Canada Creates More Jobs In December Of 2012

Posted by Alan Zunec on Friday, January 11th, 2013 at 12:51pm.

December employment numbers in Canada were decidedly up. The month saw 39,800 net new jobs, following the 59,300 new jobs already on the books for the prior November.  The average for the last quarter of 2012 came in at 33,600 per month, much higher than the 19,000 per month average seen in the third quarter of that year. Looking at the first half of 2012, the average for that period was a gain of 26,000 jobs on average per month. The unemployment rate at the end of 2012 was at 7.1 percent, beating out the 7.5 percent seen at the end of 2011. The rate was the lowest seen since the end of 2008.

Most of the jobs came from the private sector. For the fifth month in a row the service industry saw hiring increases, while in the manufacturing and construction industries nearly 60 percent of the jobs that fell by the wayside this past October and November were recovered. 15,200 new jobs went on the books in those sectors. Public administration did see a reduction of 12,600 jobs and those in the professional and scientific community saw 41,000 jobs lost.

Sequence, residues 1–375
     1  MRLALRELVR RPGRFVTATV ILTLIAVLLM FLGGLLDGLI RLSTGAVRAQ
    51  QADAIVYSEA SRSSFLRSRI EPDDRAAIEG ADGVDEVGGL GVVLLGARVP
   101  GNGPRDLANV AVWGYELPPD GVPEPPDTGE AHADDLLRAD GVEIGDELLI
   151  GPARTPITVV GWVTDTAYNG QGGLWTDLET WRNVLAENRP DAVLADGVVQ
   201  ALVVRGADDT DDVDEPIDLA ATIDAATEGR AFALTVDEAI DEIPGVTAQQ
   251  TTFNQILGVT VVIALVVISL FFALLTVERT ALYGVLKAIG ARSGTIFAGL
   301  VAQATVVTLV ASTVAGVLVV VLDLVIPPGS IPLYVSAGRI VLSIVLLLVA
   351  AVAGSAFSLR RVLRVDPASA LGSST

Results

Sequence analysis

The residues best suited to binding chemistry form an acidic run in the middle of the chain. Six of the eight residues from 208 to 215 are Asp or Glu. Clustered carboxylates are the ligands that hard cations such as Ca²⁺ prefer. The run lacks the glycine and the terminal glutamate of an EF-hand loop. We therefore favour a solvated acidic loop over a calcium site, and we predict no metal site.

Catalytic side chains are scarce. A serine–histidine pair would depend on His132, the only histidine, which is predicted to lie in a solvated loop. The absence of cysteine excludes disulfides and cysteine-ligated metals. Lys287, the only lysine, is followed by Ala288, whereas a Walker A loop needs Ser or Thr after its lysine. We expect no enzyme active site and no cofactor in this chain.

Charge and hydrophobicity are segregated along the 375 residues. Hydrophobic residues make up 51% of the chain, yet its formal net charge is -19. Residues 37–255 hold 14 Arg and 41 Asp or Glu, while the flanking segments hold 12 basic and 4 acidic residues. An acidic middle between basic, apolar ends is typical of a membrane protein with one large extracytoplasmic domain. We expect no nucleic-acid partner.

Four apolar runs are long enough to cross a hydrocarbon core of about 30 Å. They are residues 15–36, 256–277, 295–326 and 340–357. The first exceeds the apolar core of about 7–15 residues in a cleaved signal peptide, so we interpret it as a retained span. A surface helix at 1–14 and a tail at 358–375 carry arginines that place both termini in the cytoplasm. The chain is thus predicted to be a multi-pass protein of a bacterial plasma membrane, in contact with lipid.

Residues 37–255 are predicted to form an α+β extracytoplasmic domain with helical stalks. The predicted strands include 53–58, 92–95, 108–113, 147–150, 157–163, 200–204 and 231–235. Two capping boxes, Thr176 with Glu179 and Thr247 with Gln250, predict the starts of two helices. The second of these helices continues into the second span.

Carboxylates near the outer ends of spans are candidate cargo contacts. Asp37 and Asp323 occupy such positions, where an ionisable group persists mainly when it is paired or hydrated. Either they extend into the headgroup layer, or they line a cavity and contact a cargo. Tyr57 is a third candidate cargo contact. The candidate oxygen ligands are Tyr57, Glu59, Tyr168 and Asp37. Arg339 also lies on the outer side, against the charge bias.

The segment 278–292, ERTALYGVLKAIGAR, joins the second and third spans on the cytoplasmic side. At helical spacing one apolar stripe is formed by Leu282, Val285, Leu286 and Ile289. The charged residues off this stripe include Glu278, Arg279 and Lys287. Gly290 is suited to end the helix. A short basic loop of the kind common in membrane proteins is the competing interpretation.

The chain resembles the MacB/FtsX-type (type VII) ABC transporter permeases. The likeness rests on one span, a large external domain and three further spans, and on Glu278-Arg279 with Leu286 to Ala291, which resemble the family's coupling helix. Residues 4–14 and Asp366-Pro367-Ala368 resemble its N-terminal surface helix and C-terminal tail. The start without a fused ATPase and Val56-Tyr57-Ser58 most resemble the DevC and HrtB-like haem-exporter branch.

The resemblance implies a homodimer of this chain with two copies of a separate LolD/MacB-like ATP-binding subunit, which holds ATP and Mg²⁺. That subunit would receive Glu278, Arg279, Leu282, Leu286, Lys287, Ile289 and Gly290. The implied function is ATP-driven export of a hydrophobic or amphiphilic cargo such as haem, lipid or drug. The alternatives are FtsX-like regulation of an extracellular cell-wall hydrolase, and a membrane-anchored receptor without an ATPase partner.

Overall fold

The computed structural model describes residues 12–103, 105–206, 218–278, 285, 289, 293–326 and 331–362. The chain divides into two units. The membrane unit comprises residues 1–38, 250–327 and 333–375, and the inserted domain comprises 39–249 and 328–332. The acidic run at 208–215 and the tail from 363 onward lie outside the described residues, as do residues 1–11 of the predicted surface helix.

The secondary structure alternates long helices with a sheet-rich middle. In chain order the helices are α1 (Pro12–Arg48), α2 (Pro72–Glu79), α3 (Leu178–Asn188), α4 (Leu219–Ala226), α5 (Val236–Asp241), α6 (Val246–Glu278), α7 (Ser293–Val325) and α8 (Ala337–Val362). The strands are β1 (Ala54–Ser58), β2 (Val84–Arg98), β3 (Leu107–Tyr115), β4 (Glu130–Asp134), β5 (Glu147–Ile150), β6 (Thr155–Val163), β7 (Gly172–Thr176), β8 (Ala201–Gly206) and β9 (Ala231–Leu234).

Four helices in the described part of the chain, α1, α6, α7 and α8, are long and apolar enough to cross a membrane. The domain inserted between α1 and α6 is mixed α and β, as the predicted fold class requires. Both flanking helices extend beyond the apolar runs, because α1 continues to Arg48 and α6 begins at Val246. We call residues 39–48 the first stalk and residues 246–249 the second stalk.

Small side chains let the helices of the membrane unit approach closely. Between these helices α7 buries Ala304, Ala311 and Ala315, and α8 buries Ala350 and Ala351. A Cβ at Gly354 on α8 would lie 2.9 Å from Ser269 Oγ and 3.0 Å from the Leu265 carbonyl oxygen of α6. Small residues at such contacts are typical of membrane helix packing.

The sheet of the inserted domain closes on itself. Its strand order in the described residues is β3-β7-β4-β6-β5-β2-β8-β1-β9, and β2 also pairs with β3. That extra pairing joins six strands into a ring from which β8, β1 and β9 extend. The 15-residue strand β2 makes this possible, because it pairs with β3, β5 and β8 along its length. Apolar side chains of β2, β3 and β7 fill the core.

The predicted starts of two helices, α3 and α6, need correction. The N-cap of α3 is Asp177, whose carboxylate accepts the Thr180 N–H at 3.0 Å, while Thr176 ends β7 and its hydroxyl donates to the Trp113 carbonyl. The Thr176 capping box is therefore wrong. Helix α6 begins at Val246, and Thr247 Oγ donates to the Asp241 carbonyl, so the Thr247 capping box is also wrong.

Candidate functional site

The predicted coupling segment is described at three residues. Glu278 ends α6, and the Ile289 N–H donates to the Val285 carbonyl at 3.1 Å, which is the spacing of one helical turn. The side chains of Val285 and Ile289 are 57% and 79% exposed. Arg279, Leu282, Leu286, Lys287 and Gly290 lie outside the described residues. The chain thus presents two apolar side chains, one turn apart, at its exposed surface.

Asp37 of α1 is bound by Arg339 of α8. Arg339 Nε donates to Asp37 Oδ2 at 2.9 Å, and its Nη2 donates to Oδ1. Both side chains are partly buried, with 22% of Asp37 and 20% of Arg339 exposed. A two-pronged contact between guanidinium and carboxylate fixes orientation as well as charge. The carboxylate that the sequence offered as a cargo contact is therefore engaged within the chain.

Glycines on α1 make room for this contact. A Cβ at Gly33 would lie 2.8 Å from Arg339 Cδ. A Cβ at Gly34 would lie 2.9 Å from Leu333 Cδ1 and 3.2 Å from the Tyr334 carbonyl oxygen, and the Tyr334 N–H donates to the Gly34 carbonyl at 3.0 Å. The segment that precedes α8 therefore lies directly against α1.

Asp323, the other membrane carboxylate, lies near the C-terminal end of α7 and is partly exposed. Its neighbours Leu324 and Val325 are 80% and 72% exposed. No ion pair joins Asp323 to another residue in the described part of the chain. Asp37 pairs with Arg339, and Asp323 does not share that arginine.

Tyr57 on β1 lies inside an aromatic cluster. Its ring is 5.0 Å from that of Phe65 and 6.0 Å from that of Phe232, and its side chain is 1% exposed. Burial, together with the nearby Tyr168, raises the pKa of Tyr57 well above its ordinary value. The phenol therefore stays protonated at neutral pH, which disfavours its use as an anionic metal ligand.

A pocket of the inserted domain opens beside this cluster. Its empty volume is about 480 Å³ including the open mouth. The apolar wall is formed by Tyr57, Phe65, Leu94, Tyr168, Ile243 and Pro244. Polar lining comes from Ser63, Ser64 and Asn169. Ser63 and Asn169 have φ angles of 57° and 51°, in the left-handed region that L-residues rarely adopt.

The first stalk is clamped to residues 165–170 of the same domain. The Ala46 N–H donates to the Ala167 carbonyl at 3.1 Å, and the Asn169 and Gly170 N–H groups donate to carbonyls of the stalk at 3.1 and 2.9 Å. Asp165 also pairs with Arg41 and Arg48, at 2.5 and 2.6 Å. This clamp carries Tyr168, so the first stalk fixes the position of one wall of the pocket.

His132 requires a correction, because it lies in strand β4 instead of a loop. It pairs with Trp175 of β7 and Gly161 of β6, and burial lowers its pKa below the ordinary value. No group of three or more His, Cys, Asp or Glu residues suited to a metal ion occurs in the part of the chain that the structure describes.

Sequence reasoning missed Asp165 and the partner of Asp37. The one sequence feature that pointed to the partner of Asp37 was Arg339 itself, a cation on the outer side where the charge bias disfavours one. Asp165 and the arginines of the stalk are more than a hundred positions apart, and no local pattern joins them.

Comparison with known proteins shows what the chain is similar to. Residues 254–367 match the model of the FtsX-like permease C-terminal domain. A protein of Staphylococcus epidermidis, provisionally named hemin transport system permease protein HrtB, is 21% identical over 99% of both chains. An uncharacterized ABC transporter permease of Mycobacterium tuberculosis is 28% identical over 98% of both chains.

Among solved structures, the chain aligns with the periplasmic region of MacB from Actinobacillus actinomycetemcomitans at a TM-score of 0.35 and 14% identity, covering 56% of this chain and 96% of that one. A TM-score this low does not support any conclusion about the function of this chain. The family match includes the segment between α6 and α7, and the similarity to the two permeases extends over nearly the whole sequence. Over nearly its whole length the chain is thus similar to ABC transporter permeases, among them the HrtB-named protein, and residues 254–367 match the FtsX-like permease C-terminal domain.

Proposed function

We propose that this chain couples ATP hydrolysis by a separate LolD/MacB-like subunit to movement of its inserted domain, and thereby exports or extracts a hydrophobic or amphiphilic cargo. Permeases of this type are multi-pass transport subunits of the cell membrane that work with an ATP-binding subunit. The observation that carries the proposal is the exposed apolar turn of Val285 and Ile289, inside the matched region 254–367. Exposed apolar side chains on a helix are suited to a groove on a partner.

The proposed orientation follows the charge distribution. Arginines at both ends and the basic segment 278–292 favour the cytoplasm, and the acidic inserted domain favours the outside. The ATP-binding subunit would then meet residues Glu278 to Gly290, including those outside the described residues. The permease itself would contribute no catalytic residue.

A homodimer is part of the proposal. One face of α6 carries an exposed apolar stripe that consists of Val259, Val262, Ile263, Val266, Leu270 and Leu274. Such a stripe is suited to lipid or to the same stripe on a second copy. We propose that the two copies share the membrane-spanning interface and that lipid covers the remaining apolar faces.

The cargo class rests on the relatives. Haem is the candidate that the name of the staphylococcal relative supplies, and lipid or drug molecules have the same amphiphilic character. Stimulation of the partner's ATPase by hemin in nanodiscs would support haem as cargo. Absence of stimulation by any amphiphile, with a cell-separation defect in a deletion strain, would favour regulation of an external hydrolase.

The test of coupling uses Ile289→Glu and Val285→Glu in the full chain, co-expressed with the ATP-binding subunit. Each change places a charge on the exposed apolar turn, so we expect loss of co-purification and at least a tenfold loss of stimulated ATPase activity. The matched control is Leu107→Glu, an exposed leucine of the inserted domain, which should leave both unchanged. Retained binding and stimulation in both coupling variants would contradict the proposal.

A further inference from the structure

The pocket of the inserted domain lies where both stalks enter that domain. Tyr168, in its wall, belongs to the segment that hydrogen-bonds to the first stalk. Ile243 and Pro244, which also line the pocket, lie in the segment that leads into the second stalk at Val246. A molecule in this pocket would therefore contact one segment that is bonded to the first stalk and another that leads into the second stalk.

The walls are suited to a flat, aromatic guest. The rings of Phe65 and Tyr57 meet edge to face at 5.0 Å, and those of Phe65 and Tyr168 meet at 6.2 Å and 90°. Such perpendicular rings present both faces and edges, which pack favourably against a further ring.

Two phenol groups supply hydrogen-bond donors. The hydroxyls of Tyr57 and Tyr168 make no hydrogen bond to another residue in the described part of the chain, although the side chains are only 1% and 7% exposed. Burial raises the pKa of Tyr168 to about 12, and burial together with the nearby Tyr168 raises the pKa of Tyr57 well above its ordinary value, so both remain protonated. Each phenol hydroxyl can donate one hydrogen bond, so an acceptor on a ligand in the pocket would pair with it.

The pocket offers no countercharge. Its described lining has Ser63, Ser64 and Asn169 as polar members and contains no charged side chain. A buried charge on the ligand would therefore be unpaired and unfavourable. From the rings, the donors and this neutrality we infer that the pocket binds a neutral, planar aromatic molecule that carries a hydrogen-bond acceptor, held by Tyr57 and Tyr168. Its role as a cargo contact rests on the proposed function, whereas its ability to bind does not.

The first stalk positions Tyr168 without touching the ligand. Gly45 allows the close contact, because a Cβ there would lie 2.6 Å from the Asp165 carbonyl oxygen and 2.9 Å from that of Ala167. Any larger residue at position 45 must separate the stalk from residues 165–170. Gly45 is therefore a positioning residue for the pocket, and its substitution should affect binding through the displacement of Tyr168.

Looking at 2012 as a whole, employment nationwide increased by 311,900. The service sector got 225,400 of those jobs with the goods producing sector gaining 86,500 jobs. Manufacturing saw the bulk of that sector’s jobs, some 53,600 which was the most gained since 2002. Construction did slow somewhat in 2012 so that sector netted 12,000 jobs. The services sector included jobs in health services, education, real estate, insurance and finance.

Wages also saw a 2.5 percent average increase in December of 2012 compared to the same month in 2011. Year over year, 2012 saw a 2.9 percent increase in wages by year’s end. This is the largest increase seen since 2009.

Ontario increased its jobs numbers by 33,000 this past December with an unemployment rate of 7.9 percent, the same as in 2011. Job gains were seen in Newfoundland and Labrador, Saskatchewan, Manitoba and PEI. Nova Scotia saw a decrease of 5,000 jobs this past December. The other provinces remained largely on par with November.

Of the new jobs created across Canada, 98 percent were full time positions. The job market was unexpectedly strong, given the GDP in October coming in at a 0.1 percent increase. The passing of the Bush tax cut measure by the United States Congress is expected to bolster Canada’s economy and employment picture even more in 2013.  For now the Bank of Canada will keep mortgage rates the same to make sure the country’s economic growth remains steady.

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